The dollar's index, which tracks it against a basket of six major currencies, touched its highest level in twelve and a half years at 100.54, after Fed's chief Janet Yellen said that she's "looking forward" to the rate hike, which will be a testament to the economy's recovery from recession; the index was last trading at 100.18. Dollar rose to a seven-and-a-half-month peak against the euro at 1.0551, before steadying to 1.0594. It jumped to a similar 7-month height against sterling at 1.4896, before receding to 1.4927. Dollar advanced to a two-week high against the yen at 123.65, before trading back at 123.42.
Commodities were knocked off by the dollar surge, with Gold futures tumbling to a new six-year low at $1,045, before recovering a bit to $1,053 an ounce. Silver futures fell to a similar low at $13.83, before stabilizing to $13.96 an ounce.
Euro remained under pressure as all eyes are fixed on the ECB's meeting today, which is expected to unleash new stimulus and fresh cuts for the deposit rate. The euro's index was last down 0.16% to 85.59. Euro gave up 0.10% against the yen to 130.72.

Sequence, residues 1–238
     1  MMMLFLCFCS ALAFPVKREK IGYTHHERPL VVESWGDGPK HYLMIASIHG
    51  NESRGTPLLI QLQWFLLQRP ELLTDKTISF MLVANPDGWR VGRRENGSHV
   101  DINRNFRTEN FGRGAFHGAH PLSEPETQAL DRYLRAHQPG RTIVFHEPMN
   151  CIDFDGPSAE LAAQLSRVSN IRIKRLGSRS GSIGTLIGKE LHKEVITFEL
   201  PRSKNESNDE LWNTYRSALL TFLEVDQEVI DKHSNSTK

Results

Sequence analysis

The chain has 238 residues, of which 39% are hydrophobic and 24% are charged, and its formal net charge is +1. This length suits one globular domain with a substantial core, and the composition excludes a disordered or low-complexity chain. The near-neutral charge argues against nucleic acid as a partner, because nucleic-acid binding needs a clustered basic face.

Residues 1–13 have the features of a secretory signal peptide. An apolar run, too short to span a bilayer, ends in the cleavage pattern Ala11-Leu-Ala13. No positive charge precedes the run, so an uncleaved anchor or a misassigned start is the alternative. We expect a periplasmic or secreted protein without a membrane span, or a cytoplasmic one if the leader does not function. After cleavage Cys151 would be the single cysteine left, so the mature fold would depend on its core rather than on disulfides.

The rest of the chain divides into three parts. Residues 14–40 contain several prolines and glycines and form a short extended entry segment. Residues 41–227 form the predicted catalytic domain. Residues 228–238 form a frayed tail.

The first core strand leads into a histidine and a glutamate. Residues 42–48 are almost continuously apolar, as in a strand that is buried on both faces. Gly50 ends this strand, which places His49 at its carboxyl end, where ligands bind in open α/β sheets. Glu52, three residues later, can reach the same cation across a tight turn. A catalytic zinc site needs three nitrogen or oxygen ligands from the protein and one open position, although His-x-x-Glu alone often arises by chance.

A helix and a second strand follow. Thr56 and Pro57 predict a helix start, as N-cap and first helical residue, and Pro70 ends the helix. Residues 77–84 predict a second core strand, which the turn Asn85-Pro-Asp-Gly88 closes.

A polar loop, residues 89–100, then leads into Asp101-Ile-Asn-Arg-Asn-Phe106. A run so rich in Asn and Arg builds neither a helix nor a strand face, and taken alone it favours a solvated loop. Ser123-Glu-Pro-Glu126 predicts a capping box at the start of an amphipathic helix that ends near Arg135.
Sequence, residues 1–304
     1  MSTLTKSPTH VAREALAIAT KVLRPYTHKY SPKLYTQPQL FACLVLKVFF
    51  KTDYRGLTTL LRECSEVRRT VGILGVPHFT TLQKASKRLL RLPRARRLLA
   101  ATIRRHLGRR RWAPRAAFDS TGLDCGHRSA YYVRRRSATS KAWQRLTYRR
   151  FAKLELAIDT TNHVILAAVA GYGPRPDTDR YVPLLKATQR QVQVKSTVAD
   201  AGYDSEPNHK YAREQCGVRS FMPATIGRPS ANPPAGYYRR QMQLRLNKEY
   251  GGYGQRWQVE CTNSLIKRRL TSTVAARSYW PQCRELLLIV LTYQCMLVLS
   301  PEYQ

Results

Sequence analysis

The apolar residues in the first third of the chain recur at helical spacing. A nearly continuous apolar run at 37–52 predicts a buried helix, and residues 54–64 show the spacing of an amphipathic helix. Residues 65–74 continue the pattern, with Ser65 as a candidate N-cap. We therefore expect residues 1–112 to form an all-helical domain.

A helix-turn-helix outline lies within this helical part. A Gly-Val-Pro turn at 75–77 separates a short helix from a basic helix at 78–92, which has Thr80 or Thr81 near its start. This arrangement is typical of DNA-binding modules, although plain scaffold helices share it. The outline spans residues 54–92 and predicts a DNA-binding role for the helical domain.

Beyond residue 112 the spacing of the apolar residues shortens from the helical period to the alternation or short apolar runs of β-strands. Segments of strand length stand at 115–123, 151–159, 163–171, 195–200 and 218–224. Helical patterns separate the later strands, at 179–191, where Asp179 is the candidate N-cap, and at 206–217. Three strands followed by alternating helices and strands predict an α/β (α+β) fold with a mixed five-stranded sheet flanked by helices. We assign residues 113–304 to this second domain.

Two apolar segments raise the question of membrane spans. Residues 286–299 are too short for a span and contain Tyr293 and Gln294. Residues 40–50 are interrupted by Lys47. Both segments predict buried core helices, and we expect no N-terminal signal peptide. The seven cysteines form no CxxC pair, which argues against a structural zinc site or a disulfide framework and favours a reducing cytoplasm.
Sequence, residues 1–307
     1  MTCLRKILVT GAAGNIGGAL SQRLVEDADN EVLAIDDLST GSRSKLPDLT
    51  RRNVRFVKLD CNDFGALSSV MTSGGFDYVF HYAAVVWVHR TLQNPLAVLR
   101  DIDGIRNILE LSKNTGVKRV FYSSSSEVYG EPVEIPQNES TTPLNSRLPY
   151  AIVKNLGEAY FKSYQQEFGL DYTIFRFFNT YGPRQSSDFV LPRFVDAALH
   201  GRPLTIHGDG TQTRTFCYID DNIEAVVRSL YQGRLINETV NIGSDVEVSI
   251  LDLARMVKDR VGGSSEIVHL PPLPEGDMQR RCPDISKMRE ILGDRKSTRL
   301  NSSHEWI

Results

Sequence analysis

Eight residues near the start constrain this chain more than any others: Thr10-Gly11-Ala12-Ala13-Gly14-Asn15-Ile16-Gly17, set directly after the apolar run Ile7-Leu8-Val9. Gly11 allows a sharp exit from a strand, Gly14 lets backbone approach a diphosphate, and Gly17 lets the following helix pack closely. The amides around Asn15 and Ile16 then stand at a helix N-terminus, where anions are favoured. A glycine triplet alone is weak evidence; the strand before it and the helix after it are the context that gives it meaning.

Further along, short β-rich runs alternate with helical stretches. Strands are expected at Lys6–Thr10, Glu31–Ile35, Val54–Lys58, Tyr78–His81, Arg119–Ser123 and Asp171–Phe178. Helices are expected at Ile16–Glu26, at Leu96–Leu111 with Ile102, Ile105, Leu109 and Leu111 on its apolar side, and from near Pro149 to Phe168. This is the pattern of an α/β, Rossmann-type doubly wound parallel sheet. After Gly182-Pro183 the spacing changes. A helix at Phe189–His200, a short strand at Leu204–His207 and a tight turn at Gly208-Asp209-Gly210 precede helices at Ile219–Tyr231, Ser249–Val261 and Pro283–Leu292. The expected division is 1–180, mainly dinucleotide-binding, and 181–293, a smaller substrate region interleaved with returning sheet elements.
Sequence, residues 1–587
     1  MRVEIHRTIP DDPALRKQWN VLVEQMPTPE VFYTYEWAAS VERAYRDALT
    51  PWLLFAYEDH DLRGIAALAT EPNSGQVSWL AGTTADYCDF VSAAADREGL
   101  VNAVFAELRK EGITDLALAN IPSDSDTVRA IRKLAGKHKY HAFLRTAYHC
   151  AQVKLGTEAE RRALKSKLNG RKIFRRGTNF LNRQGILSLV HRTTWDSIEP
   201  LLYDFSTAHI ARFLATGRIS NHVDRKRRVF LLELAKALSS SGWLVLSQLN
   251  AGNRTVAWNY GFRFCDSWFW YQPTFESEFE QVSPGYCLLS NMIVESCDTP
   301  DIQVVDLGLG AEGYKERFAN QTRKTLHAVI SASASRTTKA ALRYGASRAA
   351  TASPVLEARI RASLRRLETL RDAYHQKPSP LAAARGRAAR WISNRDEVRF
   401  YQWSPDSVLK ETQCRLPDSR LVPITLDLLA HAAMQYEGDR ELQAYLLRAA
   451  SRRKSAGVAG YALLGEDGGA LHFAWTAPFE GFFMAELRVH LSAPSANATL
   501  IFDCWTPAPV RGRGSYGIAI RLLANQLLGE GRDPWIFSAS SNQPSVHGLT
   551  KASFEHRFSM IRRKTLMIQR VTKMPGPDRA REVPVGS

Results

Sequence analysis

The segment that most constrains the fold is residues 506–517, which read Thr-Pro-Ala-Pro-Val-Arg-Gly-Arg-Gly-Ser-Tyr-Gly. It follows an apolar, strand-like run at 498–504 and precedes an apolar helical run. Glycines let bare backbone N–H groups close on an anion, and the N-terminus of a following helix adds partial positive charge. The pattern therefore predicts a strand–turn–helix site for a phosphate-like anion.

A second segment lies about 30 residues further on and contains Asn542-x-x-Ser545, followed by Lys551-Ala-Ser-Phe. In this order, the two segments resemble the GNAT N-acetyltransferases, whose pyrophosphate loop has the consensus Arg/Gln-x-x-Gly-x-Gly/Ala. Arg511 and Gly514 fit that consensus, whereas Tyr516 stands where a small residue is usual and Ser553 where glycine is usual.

Crude prices fell about 4.0% to near seven-year lows yesterday on the rising dollar and an addition in U.S. oil inventories, before recovering some losses today. Brent futures gained 40 cents, or 0.96% to $43.21 a barrel. U.S. crude futures pulled back 60 cents, or 1.50% to $40.55 a barrel.
Asian shares gave up ground, taking cues from Wall Street's losses yesterday. Australia's S&P\ASX 200 index fell 0.58%, while Kore'a KOSPI floundered 0.72%. India's Nifty dipped 0.45%. Japan's Nikkei was flat at 19,939. China's CSI300 index bucked the trend, advancing 0.30%, despite a services PMI showing growth in the sector slowing.
From the Eurozone, final services PMI is forecast to have grown to 54.6 for November, from October's 54.1. Retail sales for the zone are forecast to have grown 0.2% m\m in October. Investors are expecting new easing from the ECB today, so Euro is expected to remain pressured.
From Britain, services PMI is expected to have grown slightly to 55.0 in November, from October's 54.9. The manufacturing version of the report showed growth slowing sharply last month, so a pick up in services would ease worries over the economy in fourth quarter, and give sterling a breathing space.
From the U.S., unemployment claims for last week are forecast at 267K, which would indicate a strengthening jobs market. Fed is expected to raise rates this month, so dollar will remain supported.